Our country houses are so much richer than we imagine. John Goodall is impressed by this exemplary new study.
Apethorpe: the story of an English country house
Edited by Kathryn Morrison (Yale University Press, £60)
The dramatic rescue of apethorpe from two decades of neglect by the actions of east Northamptonshire Council and the former quango english Heritage has recently given this outstanding country house a degree of popular familiarity. Prior to these events, however, it was not well known.
The earliest parts of the present house date to the late 15th century, but the building was massively expanded to accommodate the repeated visits of James I for hunting. On one of these, in 1614, he first met his favourite George Villiers, later Duke of Buckingham.
Apethorpe escaped the full force of an intended remodelling of the 18th century and was modernised and adapted in the 19th century. Following its requisition in the Second World War, it became a school, in 1949, and was sold to a private owner in 1982. The subsequent neglect of the property lead to its purchase by English Heritage in 2004 and a massive restoration project.
This impressively proportioned and beautifully illustrated book is a direct product of this important English Heritage initiative. It’s edited and collectively written by five of those most intimately involved in the project to conserve and repair Apethorpe. Within its pages is presented the summation of its associated research, surveys, illustration and analysis.
The book is structured as a single sweeping narrative that carries the story of the house and its occupants from the 15th century to the present day. It’s profusely illustrated throughout with about 500 photographs, drawings, paintings and plans. At the end of the book are transcripts of documents relating to the history of the house, including a sequence of inventories.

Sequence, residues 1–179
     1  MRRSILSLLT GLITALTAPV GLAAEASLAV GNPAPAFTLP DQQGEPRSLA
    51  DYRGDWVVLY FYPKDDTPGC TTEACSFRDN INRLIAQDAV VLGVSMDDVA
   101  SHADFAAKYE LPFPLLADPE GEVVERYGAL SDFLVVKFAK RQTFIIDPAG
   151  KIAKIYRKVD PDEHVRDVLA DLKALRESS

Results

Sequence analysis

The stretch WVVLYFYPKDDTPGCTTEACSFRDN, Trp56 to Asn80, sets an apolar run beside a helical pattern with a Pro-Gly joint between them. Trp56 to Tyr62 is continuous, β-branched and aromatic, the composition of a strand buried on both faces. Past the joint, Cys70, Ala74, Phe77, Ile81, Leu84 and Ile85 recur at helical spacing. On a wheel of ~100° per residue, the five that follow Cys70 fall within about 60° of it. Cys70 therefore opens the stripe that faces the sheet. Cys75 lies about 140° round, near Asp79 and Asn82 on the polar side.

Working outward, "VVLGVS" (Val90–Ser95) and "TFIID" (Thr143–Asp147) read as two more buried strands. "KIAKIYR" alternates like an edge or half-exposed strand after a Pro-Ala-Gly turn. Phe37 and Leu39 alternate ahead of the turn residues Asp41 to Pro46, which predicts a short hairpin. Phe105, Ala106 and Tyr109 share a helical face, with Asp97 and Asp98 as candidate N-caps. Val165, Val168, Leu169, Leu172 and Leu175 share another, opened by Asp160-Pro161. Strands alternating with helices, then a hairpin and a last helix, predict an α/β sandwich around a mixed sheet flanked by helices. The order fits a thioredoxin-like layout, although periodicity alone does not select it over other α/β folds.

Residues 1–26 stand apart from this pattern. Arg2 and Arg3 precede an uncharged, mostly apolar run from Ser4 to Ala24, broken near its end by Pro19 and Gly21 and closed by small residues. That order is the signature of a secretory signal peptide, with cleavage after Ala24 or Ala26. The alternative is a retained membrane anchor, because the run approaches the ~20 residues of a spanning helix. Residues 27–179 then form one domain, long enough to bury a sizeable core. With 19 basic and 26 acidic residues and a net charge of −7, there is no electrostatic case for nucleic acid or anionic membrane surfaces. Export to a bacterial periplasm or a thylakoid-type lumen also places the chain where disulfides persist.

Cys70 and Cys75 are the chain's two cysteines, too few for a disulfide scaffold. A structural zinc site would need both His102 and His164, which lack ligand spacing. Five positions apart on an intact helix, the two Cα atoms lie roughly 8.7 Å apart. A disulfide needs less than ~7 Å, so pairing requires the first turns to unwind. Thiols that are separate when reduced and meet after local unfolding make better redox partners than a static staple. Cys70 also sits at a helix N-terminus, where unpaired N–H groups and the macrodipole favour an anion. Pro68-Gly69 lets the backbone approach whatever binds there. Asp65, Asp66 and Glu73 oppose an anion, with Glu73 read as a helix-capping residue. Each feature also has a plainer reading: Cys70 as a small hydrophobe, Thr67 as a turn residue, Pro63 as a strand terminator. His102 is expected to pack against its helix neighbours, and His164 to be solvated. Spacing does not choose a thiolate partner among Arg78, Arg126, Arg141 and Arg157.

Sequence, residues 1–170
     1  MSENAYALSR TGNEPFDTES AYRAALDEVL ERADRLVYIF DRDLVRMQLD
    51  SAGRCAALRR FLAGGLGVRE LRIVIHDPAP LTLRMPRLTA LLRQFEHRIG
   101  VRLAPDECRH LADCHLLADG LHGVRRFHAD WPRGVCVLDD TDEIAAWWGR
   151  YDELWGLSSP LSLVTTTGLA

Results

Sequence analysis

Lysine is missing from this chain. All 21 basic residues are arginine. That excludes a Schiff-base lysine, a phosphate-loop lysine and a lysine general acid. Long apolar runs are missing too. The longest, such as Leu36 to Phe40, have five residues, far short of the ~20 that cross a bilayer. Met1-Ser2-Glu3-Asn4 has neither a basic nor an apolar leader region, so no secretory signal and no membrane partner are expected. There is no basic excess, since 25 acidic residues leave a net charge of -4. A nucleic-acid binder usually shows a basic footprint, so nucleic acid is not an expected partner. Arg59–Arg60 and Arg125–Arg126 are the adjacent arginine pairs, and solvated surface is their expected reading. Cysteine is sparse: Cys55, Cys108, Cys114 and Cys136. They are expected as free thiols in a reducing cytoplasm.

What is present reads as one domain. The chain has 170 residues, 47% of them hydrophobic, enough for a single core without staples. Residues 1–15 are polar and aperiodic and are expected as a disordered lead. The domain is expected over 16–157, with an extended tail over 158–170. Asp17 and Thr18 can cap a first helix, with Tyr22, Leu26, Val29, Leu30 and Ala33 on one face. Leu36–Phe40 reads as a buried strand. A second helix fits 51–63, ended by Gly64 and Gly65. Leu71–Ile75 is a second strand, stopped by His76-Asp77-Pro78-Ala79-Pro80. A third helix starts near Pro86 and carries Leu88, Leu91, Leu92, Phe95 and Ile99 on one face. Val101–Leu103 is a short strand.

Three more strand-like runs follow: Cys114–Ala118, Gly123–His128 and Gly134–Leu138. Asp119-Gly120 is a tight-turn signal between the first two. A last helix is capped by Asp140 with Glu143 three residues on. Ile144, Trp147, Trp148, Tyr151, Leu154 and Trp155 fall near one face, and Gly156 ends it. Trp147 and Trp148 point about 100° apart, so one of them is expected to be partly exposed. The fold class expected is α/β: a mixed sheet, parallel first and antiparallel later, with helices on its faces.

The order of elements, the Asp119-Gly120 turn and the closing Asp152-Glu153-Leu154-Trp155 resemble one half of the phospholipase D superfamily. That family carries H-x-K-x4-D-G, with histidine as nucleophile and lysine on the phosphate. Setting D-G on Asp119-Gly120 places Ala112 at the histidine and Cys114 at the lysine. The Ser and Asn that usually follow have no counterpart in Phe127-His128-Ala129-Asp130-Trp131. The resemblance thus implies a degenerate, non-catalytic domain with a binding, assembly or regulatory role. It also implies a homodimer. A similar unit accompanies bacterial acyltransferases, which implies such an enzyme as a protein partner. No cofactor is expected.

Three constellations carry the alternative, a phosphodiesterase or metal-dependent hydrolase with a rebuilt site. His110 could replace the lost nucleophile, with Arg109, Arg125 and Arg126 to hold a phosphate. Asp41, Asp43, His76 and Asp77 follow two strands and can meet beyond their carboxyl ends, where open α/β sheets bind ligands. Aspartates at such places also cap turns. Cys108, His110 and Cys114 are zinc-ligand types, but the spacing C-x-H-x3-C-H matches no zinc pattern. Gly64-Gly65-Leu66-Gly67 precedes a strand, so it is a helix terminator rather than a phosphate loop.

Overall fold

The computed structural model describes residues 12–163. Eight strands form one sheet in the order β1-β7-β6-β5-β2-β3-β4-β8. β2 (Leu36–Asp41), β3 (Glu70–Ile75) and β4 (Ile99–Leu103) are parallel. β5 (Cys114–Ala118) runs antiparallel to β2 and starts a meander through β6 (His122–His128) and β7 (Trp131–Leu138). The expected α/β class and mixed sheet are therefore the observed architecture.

It’s a very happy departure from so many ambitious monographs published recently that the various authors have chosen to integrate their contributions into a single narrative. This means that the work is properly coherent and readable.
Viewed as a whole, this is perhaps the most complete analysis of a country house published in the past 25 years. It is also a reminder of what happens if you investigate any such building in detail. At the first touch of systematic study, the received history fragments to reveal a monument of far greater complexity and interest than anyone had previously imagined.
The publication of the book comes at a happy time, as, in November 2014, Apethorpe was purchased by Jean Christophe Iseux, Baron von Pfetten. He and his wife intend to use the house as a family home as well as a place for entertainment and cultural events. The house now not only has a magnificent past, but a future, too.